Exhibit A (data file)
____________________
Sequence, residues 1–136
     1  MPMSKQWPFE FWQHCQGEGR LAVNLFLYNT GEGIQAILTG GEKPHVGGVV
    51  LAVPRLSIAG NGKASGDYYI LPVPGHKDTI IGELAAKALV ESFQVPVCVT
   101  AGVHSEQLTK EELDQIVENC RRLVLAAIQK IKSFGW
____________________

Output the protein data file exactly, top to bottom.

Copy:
Sequence, residues 1–136
     1  MPMSKQWPFE FWQHCQGEGR LAVNLFLYNT GEGIQAILTG GEKPHVGGVV
    51  LAVPRLSIAG NGKASGDYYI LPVPGHKDTI IGELAAKALV ESFQVPVCVT
   101  AGVHSEQLTK EELDQIVENC RRLVLAAIQK IKSFGW